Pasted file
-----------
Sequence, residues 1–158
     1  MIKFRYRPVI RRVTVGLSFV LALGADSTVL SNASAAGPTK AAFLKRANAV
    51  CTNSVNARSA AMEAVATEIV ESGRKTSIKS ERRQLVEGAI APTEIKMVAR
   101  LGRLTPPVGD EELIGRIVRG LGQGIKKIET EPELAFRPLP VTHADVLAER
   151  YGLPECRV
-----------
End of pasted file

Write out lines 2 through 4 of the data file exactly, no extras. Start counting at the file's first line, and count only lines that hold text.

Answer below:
     1  MIKFRYRPVI RRVTVGLSFV LALGADSTVL SNASAAGPTK AAFLKRANAV
    51  CTNSVNARSA AMEAVATEIV ESGRKTSIKS ERRQLVEGAI APTEIKMVAR
   101  LGRLTPPVGD EELIGRIVRG LGQGIKKIET EPELAFRPLP VTHADVLAER